Generally, state prisoners and other individuals in "custody" are permitted to raise questions concerning the constitutionality of their confinement by filing a writ of habeas corpus, to determine whether their imprisonment is unlawful under the U.S. Constitution. In granting review of habeas corpus claims, courts frequently consider the following as prospective grounds for relief:
- Whether the conviction was based on illegally obtained evidence
- Whether the habeas petitioner was denied effective assistance of counsel
- Whether the jury was improperly selected and impaneled
If a habeas petitioner is successful in demonstrating a viable ground for relief, the petitioner will usually be entitled to habeas corpus relief for the constitutional errors.
The Procedural Default Rule
Pursuant to the procedural default rule, federal courts are typically barred from reviewing habeas corpus claims in cases where a defendant in a state criminal trial has failed to comply with state procedure. Effectively, the procedural default rule excludes individuals who failed to raise a claim in accordance with state procedure during the state criminal trial from state court consideration of the merits of their habeas claim, as well as from any subsequent federal habeas corpus review.
Independent and Adequate State Ground Doctrine
Perhaps the principal rationale for barring direct federal review of a claim under the procedural default rule is that federal courts must generally honor state court decisions that are based on "independent and adequate state ground."
For example, a state court may refuse to address the merits of a habeas claim when a defendant failed to object to the admission of certain evidence on federal constitutional grounds in accordance with state procedure and within state time constraints. In this case, the state's "independent and adequate" procedural rule bars direct federal review of the claim.
Exceptions to the Procedural Default Rule
In recognition of the importance of state procedural rules, the U.S. Supreme Court has barred federal habeas review of all federal claims that a state prisoner has defaulted in state court pursuant to an independent and adequate state procedural rule, unless the prisoner can demonstrate one of the following:
- Cause for the default and actual prejudice as a result of the alleged violation of federal law, or
- That failure to consider the claims will result in a fundamental miscarriage of justice.
In order to be exempt from the procedural default rule under the cause-for-default exception, the prisoner must ordinarily prove that "some objective factor" caused the defense counsel's failure to observe a state procedural rule. On this reasoning, the Court has held that a federal habeas petitioner "cannot show cause for a procedural default by establishing that competent defense counsel's failure to raise a substantive claim of error was inadvertent rather than deliberate." Similarly, the Court has set a high barrier for establishing actual prejudice to overcome the limitations of the procedural default rule, making inquiries as demanding as whether an erroneous jury instruction "so infected the entire trial that the resulting conviction violates due process."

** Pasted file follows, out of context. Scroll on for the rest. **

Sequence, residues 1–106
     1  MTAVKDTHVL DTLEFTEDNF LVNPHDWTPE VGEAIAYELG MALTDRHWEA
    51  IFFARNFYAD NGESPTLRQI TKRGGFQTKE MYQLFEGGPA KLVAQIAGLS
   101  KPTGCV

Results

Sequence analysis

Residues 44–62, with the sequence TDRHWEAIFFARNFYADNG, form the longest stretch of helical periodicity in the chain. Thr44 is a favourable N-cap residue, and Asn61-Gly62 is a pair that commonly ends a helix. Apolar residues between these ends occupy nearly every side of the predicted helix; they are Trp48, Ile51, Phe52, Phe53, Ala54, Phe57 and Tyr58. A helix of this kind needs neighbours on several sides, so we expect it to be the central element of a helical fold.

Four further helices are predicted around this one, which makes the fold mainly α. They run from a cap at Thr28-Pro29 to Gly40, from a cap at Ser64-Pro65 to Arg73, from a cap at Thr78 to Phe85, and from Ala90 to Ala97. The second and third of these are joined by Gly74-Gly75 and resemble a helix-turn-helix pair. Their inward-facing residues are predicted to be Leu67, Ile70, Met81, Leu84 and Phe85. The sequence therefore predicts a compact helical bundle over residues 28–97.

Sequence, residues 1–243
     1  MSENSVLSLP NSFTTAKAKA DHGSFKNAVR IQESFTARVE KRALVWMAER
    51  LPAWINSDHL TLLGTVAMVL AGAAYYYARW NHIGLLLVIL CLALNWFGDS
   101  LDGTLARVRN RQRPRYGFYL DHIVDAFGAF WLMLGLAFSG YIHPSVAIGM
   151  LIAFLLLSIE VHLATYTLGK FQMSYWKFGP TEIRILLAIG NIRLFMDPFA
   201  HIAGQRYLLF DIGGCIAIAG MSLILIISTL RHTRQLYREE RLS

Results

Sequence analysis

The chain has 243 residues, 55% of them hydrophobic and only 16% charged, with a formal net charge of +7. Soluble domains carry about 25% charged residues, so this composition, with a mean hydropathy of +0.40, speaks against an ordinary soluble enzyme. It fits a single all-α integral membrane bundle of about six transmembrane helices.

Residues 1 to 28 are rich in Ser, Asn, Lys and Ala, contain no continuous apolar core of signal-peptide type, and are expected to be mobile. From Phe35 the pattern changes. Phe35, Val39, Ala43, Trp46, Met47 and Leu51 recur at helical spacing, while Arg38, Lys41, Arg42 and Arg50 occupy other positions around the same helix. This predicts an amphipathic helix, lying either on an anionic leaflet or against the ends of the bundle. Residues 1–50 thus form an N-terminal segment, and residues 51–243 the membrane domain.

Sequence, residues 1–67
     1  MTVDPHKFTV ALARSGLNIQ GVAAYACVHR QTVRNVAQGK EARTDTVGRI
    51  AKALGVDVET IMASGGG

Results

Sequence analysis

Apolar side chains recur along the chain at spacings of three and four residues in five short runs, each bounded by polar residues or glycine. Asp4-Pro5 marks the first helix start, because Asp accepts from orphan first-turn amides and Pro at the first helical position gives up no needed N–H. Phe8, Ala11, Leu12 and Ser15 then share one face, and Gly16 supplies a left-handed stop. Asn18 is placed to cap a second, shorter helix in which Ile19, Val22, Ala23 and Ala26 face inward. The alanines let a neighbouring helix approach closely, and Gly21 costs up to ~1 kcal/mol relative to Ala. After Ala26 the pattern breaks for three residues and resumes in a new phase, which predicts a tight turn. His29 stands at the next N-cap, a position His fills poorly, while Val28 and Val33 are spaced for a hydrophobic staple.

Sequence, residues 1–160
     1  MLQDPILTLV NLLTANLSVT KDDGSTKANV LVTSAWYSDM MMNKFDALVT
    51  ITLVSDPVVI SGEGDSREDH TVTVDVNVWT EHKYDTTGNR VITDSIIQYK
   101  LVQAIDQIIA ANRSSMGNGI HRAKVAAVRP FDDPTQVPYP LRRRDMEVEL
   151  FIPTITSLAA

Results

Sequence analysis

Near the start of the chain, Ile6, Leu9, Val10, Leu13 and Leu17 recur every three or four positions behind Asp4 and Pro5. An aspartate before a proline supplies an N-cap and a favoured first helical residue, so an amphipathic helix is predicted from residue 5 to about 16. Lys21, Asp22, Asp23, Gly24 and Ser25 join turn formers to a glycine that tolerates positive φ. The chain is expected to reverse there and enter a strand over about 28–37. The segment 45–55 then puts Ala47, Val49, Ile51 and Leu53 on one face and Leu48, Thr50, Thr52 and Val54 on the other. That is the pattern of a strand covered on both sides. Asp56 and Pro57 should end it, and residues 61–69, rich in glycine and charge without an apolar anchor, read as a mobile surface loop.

Fundamental Miscarriage of Justice – The Actual Innocence Exception
A federal court may also review a procedurally defaulted constitutional claim in a habeas petition if the habeas petitioner can demonstrate that a failure to entertain the claim will result in a fundamental miscarriage of justice. A habeas petitioner may demonstrate that failure to consider the claim will result in a fundamental miscarriage of justice by showing actual innocence of the substantive offense.
In 2004, the U.S. Supreme Court considered whether the actual innocence exception applies to noncapital (e.g., other than death penalty cases) sentencing errors in Dretke v. Haley. Specifically, the Court considered the eligibility for federal habeas review of a petitioner who had been convicted of felony theft as a habitual felony offender (which automatically subjected him to an enhanced penalty), even though evidence later proved that he did not qualify for the habitual offender enhancement. Because the petitioner had not raised a sufficiency of the evidence claim earlier, the state court rejected his claim on procedural grounds under the procedural default rule.
Subsequently, the federal court applied the actual innocence exception to excuse the petitioner's procedural default, because the petitioner was actually innocent of the enhanced sentence. However, the U.S. Supreme Court ultimately vacated the federal court's application of the actual innocence exception to excuse the petitioner's procedural default, holding that a federal court faced with allegations of actual innocence "must first address all nondefaulted claims for comparable relief and other grounds for cause to excuse the procedural default." The Court reasoned that "victims of fundamental miscarriage of justice will [generally] meet the cause-and-prejudice [exception]" to get the relief they seek, in which case courts can avoid the "many threshold legal questions often accompanying actual innocence claims."
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